4. Additional Benefits: Medicare Advantage plans often include extra benefits like dental, vision, hearing, and wellness programs. These additional services can be attractive to individuals who want more comprehensive coverage.

In closing, Medicare Advantage plans can be a good option for individuals seeking simplified coverage, capped out-of-pocket costs, and additional benefits beyond what Original Medicare provides. However, it’s crucial to carefully assess individual healthcare needs and preferences before making a decision. Exploring alternatives like Original Medicare with Medigap or Medicare Supplement Insurance is also worth considering to ensure the best fit for one’s specific circumstances.

How safe are statins for older men?

Statins are a type of medication used to decrease cholesterol levels. They are one of the most often prescribed medications worldwide, and are frequently used to prevent heart disease. The use of statins in older men who have never been diagnosed with heart disease, on the other hand, is debatable.

There is limited evidence that statins can help elderly men who have never been diagnosed with heart disease. A research published in the Journal of the American Medical Association, for example, discovered that statin therapy cut the risk of mortality from heart disease by 25% in males over the age of 70. Other studies, however, have suggested that statins may be less helpful in preventing heart disease in older men, and may even raise the risk of side effects including muscle discomfort and cognitive issues.

The decision to take a statin or not is a personal one that should be taken after considering the risks and benefits with your doctor. If you are an older man who has never been diagnosed with heart disease, you should consult with your doctor to determine whether statin therapy is appropriate for you.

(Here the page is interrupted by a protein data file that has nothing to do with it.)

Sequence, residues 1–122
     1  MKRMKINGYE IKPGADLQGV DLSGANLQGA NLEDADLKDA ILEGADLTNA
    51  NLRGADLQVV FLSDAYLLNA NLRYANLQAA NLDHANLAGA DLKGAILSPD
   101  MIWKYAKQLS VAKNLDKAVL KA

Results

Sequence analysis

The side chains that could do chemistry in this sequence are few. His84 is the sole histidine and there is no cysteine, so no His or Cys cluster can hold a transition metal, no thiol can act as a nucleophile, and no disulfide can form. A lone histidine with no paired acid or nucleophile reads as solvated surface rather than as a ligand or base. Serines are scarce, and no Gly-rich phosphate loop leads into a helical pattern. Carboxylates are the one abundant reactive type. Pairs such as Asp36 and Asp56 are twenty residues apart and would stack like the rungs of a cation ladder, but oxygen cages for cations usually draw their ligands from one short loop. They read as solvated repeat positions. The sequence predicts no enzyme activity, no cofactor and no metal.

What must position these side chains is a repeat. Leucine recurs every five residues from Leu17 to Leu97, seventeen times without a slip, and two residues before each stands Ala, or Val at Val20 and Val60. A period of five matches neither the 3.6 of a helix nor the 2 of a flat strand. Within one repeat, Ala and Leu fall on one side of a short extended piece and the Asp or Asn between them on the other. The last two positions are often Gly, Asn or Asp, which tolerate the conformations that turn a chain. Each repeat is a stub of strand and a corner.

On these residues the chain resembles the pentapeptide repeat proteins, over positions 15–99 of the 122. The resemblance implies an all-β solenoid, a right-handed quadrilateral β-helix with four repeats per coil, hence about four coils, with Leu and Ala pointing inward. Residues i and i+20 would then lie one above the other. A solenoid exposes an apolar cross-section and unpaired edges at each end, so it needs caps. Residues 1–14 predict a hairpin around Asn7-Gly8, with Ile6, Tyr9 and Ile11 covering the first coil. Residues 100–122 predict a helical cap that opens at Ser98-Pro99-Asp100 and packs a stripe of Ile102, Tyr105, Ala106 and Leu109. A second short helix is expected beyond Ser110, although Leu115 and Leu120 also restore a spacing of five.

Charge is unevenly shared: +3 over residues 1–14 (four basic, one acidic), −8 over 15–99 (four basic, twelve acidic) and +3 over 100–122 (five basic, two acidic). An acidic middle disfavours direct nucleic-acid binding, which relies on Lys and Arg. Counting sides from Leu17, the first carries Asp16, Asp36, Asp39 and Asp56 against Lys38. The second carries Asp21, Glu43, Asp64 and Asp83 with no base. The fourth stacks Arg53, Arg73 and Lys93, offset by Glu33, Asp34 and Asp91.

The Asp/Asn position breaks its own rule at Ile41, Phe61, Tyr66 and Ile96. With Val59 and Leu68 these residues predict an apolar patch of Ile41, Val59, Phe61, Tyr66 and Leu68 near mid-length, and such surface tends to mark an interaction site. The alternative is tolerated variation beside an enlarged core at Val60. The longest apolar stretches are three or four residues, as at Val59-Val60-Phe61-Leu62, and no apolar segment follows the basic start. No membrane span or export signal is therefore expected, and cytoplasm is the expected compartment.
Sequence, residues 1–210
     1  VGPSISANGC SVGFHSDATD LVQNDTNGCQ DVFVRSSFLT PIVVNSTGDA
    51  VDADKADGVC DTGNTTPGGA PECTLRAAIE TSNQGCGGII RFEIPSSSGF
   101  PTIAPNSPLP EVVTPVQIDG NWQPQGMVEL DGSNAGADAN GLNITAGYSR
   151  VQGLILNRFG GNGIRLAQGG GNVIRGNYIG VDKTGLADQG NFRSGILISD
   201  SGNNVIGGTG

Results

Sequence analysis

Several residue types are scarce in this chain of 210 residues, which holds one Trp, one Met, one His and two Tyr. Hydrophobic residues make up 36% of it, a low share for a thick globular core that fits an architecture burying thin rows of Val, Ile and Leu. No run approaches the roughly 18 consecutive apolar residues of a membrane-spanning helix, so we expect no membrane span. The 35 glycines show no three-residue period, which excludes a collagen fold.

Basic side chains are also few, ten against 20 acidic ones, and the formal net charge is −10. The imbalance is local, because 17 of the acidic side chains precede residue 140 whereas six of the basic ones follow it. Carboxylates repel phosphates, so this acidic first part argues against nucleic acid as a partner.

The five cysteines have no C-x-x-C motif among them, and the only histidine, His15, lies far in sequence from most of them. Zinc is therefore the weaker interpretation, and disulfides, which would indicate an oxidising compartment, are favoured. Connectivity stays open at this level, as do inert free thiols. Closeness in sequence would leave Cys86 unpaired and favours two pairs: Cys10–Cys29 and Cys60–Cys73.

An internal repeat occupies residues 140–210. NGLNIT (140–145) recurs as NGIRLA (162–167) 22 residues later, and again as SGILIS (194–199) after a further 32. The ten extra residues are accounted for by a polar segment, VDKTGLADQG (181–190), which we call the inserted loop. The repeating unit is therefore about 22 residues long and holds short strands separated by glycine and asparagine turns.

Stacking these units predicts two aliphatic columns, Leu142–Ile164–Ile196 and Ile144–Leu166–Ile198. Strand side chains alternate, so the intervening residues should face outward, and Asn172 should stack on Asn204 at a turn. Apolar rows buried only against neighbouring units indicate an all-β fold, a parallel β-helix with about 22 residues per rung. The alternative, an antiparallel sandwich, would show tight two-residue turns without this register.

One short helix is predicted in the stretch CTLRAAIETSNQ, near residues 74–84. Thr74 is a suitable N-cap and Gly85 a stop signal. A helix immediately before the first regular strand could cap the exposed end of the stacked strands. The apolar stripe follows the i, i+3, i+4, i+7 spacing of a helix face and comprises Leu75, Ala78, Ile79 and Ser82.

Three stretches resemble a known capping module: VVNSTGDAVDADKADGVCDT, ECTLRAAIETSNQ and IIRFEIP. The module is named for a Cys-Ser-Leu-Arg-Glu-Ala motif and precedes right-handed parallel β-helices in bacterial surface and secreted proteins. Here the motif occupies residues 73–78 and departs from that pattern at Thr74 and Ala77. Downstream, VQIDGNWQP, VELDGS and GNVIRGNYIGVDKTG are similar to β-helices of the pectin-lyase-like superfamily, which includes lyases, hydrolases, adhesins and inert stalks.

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Here are some things to think about before making your decision:

  • Your chances of getting heart disease.
  • Your age.
  • Your general well-being.
  • Your family history of cardiovascular disease.
  • Any additional medications you are currently taking.
  • Statins’ possible adverse effects.

If you decide to take a statin, make sure to follow your doctor’s instructions. Your cholesterol levels should also be monitored on a regular basis to ensure that the medicine is effective.

Here are some heart-healthy lifestyle suggestions:

  • Maintain a nutritious diet.
  • Exercise on a regular basis.
  • Keep a healthy weight.
  • Stop smoking and/or vaping.
  • Limit your alcohol consumption.
  • Manage your stress.

Following these guidelines will help minimize your chance of getting heart disease whether or not you take a statin.

Inflation Reduction Act and Medicare Prescription Drugs


On Aug. 12, the Inflation Reduction Act of 2022 (IRA) passed the U.S. House by a vote of 220-207, and President Biden is expected to sign it into law. First passed by the U.S. Senate on Aug. 7, the $740 billion budget reconciliation package includes policies on Medicare drug pricing, Affordable Care Act (ACA) subsidies, energy, climate, and taxes. This update provides high-level details on the notable health care-related provisions in the IRA.

Allowing Medicare to Negotiate Drug Prices